The Bible is full of stories about people (often very ordinary people) being called to be part of God’s divine plan, and responding to the calling.  One of the connecting characteristics for all of them, is that they are called into a journey without knowing how that journey will end. They respond in faith, to the call to come, and to follow.

In the Old Testament there is the story of Noah, called to be the agent of a new beginning for the world.  And Abraham, called to be the father of God’s people who in turn were called to be in covenant with God.  Moses and Aaron (despite Moses’ pleas to the contrary) were called to lead God’s people out of slavery and into the liberation of the promised land.  Then there was Samuel and Sampson, Solomon and David, and Esther and a myriad of kings and prophets who sought to respond to God’s call and to share it with others.

As we thumb through our Bibles, we find preserved for us a rich tapestry of the images of the history of our salvation; and that story of the salvation of humanity is inter-mingled with the stories of people (often ordinary, dare I say it, many times inadequate people) who are called by God to step out in faith.  We often think about these stories as being one-off events, as if calling and responding take place in a split-second.  But if we read the Biblical texts carefully we find that Abram, who became Abraham was called not once but a number of times: there was not one covenant between him and God, but a number; and the same is true of Moses as well, as the People of Israel followed God in faithfulness, then wandered away, and were then called back again, many many times.

Our Christian understanding is that, although the people at the time didn’t know it, their responding to God was setting the stage for all that would take place in the incarnation, in the life of Jesus amongst us.  So it should be no surprise to us that right at the start of his ministry on earth, the ongoing faith story of people being called by God continues in the encounters which people have with Jesus.  But for those of us who have read and heard the four Gospels over many years, there is something intriguing and complicating about the calling of the first disciples; because we find in each of the Gospels, not one, but a number of differing accounts of how the disciples were called.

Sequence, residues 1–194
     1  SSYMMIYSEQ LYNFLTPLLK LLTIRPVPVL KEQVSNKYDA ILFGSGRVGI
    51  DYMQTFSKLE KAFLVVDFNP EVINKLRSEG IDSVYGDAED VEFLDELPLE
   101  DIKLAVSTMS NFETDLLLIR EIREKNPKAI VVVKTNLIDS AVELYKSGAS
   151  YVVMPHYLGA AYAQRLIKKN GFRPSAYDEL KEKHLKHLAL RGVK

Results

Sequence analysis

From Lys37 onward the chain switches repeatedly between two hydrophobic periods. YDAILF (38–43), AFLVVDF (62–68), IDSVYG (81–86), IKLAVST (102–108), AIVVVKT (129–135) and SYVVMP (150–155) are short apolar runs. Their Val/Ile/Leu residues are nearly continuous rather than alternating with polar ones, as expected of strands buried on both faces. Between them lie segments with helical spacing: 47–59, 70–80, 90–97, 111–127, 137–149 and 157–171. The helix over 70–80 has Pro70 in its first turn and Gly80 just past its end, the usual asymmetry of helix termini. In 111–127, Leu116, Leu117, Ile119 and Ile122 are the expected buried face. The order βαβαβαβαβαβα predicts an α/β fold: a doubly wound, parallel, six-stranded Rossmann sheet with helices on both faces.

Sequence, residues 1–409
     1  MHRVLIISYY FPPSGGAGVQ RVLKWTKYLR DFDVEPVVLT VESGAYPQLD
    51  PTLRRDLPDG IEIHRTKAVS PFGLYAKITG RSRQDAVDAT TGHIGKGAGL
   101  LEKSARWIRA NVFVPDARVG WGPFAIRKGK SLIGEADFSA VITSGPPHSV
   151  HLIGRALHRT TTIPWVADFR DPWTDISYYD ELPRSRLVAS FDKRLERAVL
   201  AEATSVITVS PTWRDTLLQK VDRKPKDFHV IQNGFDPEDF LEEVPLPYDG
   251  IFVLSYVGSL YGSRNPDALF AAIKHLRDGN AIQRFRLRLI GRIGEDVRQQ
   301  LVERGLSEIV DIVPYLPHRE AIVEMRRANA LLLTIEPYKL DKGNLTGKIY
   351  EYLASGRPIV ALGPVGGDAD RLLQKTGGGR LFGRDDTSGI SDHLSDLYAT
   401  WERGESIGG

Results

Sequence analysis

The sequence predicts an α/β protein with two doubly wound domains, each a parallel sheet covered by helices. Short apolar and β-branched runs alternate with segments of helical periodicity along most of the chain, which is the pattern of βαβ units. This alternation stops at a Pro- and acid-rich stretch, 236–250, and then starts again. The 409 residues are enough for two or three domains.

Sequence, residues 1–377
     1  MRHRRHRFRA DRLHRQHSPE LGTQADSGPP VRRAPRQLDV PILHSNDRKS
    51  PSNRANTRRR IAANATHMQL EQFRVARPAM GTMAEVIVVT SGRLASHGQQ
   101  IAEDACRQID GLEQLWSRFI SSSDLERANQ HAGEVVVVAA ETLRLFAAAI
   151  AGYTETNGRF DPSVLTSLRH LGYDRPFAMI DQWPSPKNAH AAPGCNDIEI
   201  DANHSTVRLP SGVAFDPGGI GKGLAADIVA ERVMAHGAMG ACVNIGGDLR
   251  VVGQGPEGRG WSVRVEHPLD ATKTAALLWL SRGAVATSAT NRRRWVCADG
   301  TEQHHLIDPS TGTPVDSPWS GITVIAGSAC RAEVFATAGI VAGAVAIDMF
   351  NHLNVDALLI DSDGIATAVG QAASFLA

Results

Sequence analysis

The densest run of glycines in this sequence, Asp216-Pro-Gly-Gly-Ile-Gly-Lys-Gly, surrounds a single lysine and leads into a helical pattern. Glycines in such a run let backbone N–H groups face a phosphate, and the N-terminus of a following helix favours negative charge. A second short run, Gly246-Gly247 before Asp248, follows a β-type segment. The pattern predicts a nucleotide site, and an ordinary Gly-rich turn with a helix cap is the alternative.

In John’s Gospel, as we were reminded last weekend, there are no boats or fish, or water when Andrew and then his brother Simon are called to follow Christ.  “Look,” says, John the Baptist, “here is the Lamb of God”.   And in response to Jesus’ invitation Andrew and the other disciple follow Jesus, but not before Andrew has found his brother Simon Peter, our Patron Saint, and brought him along to share in the journey.

In Luke’s Gospel the scene of Peter’s calling is a place of fishing too, but in Luke’s account Jesus goes aboard Peter’s boat and causes a miracle to take place so that he catches so many fish that he has to call his friends to come and help him to bring them all to shore. After experiencing this foretaste of what the growth of the Early Church will look like, Peter follows Jesus.

In Mark’s account, in contrast, we find an almost identical story to the one which we have just heard from the Gospel of Matthew.  In fact, as Father Wilf helped us to understand last weekend, we might suppose that the writers of Matthew’s Gospel – unlike the writers of Luke and John – almost certainly borrowed the story of Mark’s text in their own telling of the life of Jesus.  Within those different accounts, (written at different times, and for different audiences, in different communities, even for different purposes) there is just one story that shines through: Jesus offers an invitation and people respond.  Jesus calls, and without knowing where it will lead them, people follow him.

One day, say the writers of today’s Gospel, Jesus was walking along the edge of the Sea of Galilee, and he met two sets of brothers.  Simon (who became known as Peter) and his brother Andrew were the first to be approached by Jesus, who called out to them as they were fishing, and invited them not to fish for fish but to fish for people, and after calling Andrew and Peter, he went on to call James and John.  Immediately there is a kind of ripple effect; first Andrew and Peter, then also James and John – so already there are four: four who have responded to the invitation.